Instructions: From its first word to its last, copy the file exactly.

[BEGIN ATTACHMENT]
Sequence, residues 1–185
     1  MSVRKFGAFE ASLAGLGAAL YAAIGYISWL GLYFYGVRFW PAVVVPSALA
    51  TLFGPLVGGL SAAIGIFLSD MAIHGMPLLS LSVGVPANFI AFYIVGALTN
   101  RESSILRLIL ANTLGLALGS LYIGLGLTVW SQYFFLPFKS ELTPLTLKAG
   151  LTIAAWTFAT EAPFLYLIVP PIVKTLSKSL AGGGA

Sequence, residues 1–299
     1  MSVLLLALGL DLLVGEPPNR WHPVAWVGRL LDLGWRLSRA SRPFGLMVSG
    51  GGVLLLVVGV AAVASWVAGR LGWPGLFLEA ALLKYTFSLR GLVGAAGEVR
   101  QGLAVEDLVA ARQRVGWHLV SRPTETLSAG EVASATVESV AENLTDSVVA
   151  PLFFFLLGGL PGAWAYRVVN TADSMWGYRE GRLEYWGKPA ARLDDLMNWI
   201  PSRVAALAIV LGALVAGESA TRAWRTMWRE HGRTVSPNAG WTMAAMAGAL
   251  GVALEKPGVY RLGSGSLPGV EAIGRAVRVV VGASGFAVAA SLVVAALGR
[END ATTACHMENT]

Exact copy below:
Sequence, residues 1–185
     1  MSVRKFGAFE ASLAGLGAAL YAAIGYISWL GLYFYGVRFW PAVVVPSALA
    51  TLFGPLVGGL SAAIGIFLSD MAIHGMPLLS LSVGVPANFI AFYIVGALTN
   101  RESSILRLIL ANTLGLALGS LYIGLGLTVW SQYFFLPFKS ELTPLTLKAG
   151  LTIAAWTFAT EAPFLYLIVP PIVKTLSKSL AGGGA

Sequence, residues 1–299
     1  MSVLLLALGL DLLVGEPPNR WHPVAWVGRL LDLGWRLSRA SRPFGLMVSG
    51  GGVLLLVVGV AAVASWVAGR LGWPGLFLEA ALLKYTFSLR GLVGAAGEVR
   101  QGLAVEDLVA ARQRVGWHLV SRPTETLSAG EVASATVESV AENLTDSVVA
   151  PLFFFLLGGL PGAWAYRVVN TADSMWGYRE GRLEYWGKPA ARLDDLMNWI
   201  PSRVAALAIV LGALVAGESA TRAWRTMWRE HGRTVSPNAG WTMAAMAGAL
   251  GVALEKPGVY RLGSGSLPGV EAIGRAVRVV VGASGFAVAA SLVVAALGR